The Benedict Option; Is No Option

I have to be honest with you, I have been thinking about dropping out. By dropping out I mean stop using my IPhone, IPad, watching TV, especially the news, and giving up my laptop. I am discouraged about our society, politics, social morality, and generally this earth in general. However, I’ve decided my hope has been misplaced in a fallen system that has no ability to regenerate itself. I have decided that it is best to listen to what Psalm 121:1 says, “I will lift up mine eyes unto the hills, from whence cometh my help. My help cometh from the Lord, which made heaven and earth.”

David Skeel this morning wrote in the regular WSJ article, Houses of Worship, that “now isn’t the time to flee the public square.” He began the article by discussing the Benedict Option, which calls for Christians to stage a “strategic retreat from the culture.” This reminds me of Ayn Rand’s book “Atlas Shrugged,” where John Galt encourages all the creative and innovative leaders to leave society.

We could say, who is Rod Dreher, just like John Galt, who is calling for this disappearance? “Mr. Dreher, in a series of blog posts over the past several weeks for the American Conservative, has described the Benedict Option as my name for an inchoate phenomenon in which Christians adopt a more consciously countercultural stance toward our post-Christian mainstream culture.” I think it is very evident that we are in a post-Christian culture, so I think this is a relevant discussion to have.

In the early sixth century the Church decided to leave the world and move into monastic life. Subsequently, this has been attempted many times throughout history. In 2006, David Kuo, “a former special assistant to President George W. Bush,” wrote in “Tempting Faith” that he was “advocating that evangelical Christians take a timeout and abstain from politics for a few years.” Another person in 2010, James Davison Hunter, argued the same message. However, we are still here and still participating, and I think we need to continue to do this, but with keeping something in mind.

I understand scripture and its clear picture of the world. The world is fallen. Therefore, we cannot look to Politics, Religion, Capitalism, or Socialism to save the world it is just not possible. In fact, if we look to any of these isms to accomplish this we are practicing idolatry.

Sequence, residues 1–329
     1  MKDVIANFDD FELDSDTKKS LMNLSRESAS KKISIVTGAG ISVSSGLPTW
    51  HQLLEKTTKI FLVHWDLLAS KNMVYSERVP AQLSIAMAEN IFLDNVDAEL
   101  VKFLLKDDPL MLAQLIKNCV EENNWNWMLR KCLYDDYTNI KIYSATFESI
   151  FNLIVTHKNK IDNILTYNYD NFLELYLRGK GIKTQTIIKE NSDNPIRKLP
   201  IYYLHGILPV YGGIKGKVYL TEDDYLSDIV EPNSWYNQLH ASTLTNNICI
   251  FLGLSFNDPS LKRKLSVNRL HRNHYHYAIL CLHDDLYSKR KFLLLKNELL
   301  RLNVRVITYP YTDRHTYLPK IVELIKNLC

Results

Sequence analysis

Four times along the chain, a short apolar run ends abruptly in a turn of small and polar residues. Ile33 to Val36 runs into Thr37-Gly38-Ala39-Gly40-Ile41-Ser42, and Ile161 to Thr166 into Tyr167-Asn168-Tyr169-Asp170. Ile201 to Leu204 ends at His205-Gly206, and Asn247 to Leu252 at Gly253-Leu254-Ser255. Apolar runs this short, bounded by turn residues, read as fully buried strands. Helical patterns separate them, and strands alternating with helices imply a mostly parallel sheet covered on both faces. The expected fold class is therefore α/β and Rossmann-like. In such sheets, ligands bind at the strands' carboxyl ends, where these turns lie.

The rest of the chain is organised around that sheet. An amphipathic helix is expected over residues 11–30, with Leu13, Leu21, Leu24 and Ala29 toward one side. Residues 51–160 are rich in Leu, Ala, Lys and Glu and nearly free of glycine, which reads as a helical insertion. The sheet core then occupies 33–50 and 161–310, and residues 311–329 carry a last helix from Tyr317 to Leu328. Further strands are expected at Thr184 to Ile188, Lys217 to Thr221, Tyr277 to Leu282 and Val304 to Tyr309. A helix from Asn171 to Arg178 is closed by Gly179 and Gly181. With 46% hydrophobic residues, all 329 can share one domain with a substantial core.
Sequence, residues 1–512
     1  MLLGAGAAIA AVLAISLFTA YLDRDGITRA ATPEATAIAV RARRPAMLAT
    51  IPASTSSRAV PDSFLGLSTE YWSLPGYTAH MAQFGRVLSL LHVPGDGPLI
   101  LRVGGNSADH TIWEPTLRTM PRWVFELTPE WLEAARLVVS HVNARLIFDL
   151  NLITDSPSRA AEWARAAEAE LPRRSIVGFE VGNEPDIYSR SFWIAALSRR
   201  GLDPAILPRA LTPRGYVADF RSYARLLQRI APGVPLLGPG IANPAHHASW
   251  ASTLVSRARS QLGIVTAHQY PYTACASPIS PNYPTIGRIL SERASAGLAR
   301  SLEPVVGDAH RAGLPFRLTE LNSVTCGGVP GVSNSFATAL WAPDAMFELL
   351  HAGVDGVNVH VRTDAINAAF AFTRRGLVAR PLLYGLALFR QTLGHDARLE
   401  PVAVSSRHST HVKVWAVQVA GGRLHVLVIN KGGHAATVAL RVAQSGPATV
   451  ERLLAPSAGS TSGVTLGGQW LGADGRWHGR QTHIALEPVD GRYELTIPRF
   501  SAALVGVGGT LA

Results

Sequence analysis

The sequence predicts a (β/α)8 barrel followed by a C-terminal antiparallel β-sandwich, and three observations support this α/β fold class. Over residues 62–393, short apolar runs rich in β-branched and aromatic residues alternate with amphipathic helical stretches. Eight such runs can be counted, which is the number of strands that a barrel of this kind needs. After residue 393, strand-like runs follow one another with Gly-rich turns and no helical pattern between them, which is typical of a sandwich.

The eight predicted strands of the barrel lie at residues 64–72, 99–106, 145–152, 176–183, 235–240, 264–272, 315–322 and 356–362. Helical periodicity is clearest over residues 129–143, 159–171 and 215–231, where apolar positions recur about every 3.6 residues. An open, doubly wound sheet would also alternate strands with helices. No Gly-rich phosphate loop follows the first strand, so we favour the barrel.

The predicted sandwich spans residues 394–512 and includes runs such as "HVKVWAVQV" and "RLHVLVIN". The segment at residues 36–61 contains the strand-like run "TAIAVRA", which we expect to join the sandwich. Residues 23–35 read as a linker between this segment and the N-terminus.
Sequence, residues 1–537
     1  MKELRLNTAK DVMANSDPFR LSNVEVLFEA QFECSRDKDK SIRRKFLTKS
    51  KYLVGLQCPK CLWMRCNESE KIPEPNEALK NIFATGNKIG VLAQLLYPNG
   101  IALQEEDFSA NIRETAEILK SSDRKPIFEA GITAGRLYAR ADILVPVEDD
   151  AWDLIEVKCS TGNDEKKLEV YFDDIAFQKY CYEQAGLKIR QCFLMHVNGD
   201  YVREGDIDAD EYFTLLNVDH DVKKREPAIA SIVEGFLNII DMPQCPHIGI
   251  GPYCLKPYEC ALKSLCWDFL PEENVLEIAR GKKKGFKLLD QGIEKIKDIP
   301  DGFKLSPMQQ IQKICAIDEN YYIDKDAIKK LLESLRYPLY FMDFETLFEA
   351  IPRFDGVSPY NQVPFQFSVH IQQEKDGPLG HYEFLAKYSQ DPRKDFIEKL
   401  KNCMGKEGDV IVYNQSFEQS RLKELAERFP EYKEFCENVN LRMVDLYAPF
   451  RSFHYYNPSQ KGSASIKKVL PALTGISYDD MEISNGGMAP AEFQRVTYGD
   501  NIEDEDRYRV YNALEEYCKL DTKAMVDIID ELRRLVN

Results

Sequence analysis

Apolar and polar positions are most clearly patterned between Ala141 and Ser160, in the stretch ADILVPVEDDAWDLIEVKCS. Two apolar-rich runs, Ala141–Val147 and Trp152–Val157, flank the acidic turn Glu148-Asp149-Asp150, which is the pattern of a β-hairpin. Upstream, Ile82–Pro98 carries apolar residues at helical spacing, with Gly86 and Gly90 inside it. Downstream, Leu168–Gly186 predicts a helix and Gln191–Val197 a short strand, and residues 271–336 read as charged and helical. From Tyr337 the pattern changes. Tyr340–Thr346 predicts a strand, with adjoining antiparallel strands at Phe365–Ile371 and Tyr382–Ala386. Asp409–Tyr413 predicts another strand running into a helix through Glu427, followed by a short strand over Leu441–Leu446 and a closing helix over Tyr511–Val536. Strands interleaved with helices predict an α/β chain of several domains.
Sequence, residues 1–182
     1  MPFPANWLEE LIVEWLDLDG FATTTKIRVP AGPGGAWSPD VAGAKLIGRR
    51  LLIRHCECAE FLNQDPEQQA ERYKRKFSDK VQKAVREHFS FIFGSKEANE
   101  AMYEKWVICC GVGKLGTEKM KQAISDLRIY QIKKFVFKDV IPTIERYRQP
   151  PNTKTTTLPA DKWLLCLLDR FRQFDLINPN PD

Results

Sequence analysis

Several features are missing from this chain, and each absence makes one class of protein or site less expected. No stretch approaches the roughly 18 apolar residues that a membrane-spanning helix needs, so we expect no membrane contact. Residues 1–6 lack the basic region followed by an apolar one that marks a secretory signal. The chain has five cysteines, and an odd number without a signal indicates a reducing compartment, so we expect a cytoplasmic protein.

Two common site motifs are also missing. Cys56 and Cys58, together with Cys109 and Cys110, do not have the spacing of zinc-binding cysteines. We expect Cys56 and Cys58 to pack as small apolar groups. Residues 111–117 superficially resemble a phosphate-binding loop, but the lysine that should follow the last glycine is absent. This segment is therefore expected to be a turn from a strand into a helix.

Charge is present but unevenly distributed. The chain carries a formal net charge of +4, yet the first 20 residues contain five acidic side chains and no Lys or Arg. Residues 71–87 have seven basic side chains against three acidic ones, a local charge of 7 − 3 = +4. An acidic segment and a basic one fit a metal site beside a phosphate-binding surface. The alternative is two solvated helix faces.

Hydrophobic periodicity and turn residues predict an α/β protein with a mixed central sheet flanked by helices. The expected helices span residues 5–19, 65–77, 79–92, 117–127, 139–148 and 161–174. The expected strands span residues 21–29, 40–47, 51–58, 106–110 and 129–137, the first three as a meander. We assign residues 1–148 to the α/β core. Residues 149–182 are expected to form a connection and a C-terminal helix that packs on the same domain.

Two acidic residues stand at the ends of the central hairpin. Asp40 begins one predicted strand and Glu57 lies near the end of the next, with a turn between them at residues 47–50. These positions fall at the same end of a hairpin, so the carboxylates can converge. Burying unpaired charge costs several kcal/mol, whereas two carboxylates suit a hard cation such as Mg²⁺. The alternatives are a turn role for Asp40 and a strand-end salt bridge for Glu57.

Timothy Keller in his wonderful book, “Counterfeit Gods: The empty Promises of Money, Sex, and Power,” describes how we have focused on the wrong things thinking they will accomplish what God can only do. As I continue to read his book I am amazed at how accurate his words are. Let me give you a few examples.

Loving one’s country is a good thing, but Keller tells us what Reinhold Niebuhr think of extreme nationalism. Niebuhr stated that “when power and prosperity of a nation become unconditional absolutes that veto all other concerns, then violence and injustice can be perpetrated without question.” I think this is supported by history. Keller references Dutch scholar Bob Goudzwaard to make his point of how this end justifies the means, “Thus a nation’s goal of material prosperity becomes an idol when we use it to justify the destruction of the natural environment or allow the abuse of individuals or classes of people.” Thus we can make politics an idol, and God forbid that politics and Christianity ever become strange bedfellows again.

Neibuhr warned us against making your political philosophy a “saving faith.” We only have to look to recent history to see the reality of this failure. These failures are reflected in the Marxism of Russia, the excesses of Capitalism, and government in general. If we focus our hopes on any of the above, and look to these ideologies as absolutes, this will only lead to disappointment. C.E.M. Joad, states, “It is because we rejected the doctrine of original sin that we are disappointed.”

These ideologies demand total commitment, yet they will never provide peace. Neibuhr “argued that human thinking always elevates some finite value or object to be the Answer.” Keller states, “In Marxism the powerful state becomes the savior and capitalists are demonized. In conservative economic thought, free markets and competition will solve our problems, and therefore liberals and government are the obstacles to a happy society.” The fact is, neither of these extremes are the truth.

Phew, I have righted the ship. Even though I think that business has an incredible ability to create positive social change, I understand what is in the heart of human kind. I don’t trust human systems, but I also think that good can be done through them. I just have to trust my God to work that out. Now my hold is built on nothing less, than Jesus blood and righteousness. I will dare not trust the sweetest frame, but only lean on Jesus name. Yep, that is the truth.

And that is my thought for the day!


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